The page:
“Safety is anything but boring” SHE Manager, Joost Gosens
28 April is the United Nations World Day for Safety and Health at Work. To celebrate this important event, we sat down with Joost Gosens, SHE Manager at our Waalwijk site in the Netherlands, to understand what health and safety mean to him. We asked him what he enjoys most about his role, how the safety culture at Stahl is changing, and his priorities for the future.
How would you describe your role in three words?
Complex, varied, challenging. Some people might think safety is boring but, in my experience, it’s anything but. It’s the foundation of everything we do as a chemical producer. You need your safety management system to be fully in control for everything else to run smoothly – quality, capacity, and so on.
On a basic level, safety is about chemistry and chemical processes, so it requires a high degree of technical knowledge. You need to understand your processes, your raw materials, and your technology. I also need to be up to date on changing health and safety legislation, so there are multiple layers to my role.
Most of all, safety is about people. As an SHE manager, it’s vital that I communicate well and help build awareness and engagement around this important issue. Good people skills are important, especially when emotions are running high after an incident.
What are the most rewarding and frustrating aspects of your work?
For me, the greatest satisfaction comes from helping people to improve complex processes. When I see that my contribution has helped to make something better – and that people are safer – it’s a great feeling. It might surprise some people, but I also enjoy the compliance side of my role. As a chemicals producer, our facilities undergo regular safety inspections. It’s nice to receive positive feedback from these authorities as it validates all the work we’re doing.
The most frustrating thing for me is complacency or indifference around health and safety. It’s the attitude that “these things happen” when something goes wrong. That’s not how I work: I want people to have that drive to constantly improve.
Why do you think that, sometimes, we knowingly put our health at risk?
It’s usually a question of attitude. Some people don’t consider safety to be an integral part of their role, but that’s simply not true. Whatever you do, you can’t claim to be a professional if you’re not able to work in a safe and compliant way. A good analogy is a carpenter who constantly hits his thumb with his hammer because he’s not taking the right precautions – it’s not a sustainable way of working.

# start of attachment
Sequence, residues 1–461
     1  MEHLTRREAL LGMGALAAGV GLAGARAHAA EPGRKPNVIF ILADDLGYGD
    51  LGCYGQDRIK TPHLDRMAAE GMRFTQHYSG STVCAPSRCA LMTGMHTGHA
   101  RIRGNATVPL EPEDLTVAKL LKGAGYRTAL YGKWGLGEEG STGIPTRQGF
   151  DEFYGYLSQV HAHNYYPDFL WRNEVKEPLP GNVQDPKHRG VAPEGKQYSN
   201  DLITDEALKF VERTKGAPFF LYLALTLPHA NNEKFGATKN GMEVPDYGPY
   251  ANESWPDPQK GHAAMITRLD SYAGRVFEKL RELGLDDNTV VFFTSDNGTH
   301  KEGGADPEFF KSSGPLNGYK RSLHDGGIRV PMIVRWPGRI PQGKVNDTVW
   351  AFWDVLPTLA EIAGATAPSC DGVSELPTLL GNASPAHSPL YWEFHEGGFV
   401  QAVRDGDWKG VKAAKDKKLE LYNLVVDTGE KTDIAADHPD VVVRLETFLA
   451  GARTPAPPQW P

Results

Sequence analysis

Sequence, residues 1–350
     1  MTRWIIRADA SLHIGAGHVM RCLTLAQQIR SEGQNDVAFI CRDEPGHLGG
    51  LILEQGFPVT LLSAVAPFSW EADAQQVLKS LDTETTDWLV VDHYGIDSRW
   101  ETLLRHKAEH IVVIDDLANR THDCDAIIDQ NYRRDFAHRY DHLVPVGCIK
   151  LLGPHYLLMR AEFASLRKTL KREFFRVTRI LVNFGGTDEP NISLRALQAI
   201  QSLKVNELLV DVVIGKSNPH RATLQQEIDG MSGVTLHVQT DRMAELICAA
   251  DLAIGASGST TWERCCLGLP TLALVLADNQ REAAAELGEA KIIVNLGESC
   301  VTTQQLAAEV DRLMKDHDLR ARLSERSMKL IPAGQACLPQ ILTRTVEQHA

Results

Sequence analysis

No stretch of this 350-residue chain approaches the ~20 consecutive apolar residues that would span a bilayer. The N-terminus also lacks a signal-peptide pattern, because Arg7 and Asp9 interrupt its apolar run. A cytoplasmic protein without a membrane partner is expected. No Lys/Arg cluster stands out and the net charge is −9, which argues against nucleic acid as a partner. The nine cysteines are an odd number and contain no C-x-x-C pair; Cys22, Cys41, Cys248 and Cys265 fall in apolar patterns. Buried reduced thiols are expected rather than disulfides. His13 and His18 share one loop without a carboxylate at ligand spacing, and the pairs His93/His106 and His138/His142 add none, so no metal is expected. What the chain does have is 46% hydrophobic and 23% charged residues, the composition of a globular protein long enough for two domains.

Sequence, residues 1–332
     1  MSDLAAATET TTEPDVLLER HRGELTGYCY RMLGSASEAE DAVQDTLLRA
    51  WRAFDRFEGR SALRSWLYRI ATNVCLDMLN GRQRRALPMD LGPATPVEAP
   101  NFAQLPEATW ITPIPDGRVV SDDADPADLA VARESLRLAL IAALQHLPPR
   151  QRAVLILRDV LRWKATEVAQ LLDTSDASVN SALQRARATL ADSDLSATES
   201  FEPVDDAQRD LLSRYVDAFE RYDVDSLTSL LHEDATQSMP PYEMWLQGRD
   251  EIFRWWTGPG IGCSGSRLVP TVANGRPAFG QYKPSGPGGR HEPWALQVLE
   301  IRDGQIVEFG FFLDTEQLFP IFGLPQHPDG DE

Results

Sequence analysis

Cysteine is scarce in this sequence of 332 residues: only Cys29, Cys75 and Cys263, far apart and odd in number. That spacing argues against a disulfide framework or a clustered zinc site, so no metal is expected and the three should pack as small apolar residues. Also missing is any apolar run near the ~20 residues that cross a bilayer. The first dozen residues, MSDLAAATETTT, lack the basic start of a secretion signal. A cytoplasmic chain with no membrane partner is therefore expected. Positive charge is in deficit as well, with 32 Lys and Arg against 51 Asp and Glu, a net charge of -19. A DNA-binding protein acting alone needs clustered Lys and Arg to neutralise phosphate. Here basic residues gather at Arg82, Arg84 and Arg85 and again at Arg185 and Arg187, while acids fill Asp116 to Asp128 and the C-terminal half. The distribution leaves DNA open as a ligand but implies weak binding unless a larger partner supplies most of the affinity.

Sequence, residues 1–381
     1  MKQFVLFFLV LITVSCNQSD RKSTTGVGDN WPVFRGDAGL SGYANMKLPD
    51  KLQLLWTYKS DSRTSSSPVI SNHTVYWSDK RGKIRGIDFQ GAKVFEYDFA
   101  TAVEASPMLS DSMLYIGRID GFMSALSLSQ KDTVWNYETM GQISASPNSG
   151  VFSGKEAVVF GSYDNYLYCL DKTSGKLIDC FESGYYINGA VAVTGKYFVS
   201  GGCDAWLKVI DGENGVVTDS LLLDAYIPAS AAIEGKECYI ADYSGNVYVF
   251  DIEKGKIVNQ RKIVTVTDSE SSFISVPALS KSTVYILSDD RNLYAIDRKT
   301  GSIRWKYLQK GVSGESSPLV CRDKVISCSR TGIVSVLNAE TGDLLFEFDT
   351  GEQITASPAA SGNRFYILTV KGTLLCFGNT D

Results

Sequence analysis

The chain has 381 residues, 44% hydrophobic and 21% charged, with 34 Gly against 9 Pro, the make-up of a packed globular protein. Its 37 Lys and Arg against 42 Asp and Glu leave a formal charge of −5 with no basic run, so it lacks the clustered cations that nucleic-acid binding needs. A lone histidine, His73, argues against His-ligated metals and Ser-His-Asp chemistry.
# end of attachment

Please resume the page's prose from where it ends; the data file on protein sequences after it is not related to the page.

At Stahl, we take a top-down approach to health and safety. Our managers and supervisors have a responsibility to set a good example and ensure best practice. We need them to follow the rules to the letter and make sure those reporting to them do the same – no exceptions.
Stahl’s safety culture has certainly changed over the years. How would you describe this transition?
Particularly in the Netherlands, safety has increasingly come under the media and government spotlight during the past few years. At Stahl, we’ve made it a priority to invest in our safety processes and infrastructure. We’ve built an entire new warehouse for flammable materials. We’ve also replaced our outside storage spaces with much safer indoor areas. Those are just two examples of recent developments I’ve overseen at Waalwijk.
Perhaps more importantly, we’ve worked hard to change how we think about safety and how we educate our employees. We’ve tried to move away from a reactive safety approach to a more proactive mindset. If there’s an issue, we look for the underlying cause; we don’t just look for an end-of-pipe solution. And we aim to stay one step ahead of changing regulation – we don’t wait for an inspector to point something out before we take action.
Again, it’s all about people and helping to change attitudes toward health and safety throughout our organization. We’ve done this through education and helping colleagues at all levels to develop their awareness, discipline, and accountability; from senior management all the way through to the factory floor. This is a constant focus here at Stahl.
What are your main targets to improve our safety?
My yearly plan is very full. An important project here at Waalwijk is a spill reduction plan that we trust will have a significant impact. We’re also updating our Seveso safety report and renewing all of our safety studies, among several other big projects. On the environmental side, we’re working on a new wastewater treatment plant to comply with new discharge limits and achieve new waste reduction targets.
However, my top priority is to continue developing our safety culture. In 2019, we launched our Road to Zero (R20) program to further integrate safety into our way of working. Due to the COVID-19 pandemic, we had to put the program on pause during 2020. However, we’ve found ways around this with the help of technology and we’re aiming to bring R20 back on track in 2021.
Even though we’ve made great strides on safety over the past few years, I’ll never reach a point where I can say: “That’s it, we can stop now. We’ve done enough”. Changing attitudes and behaviors is a lifelong challenge. It’s why I keep coming back to work each day!
Are you looking for more information?
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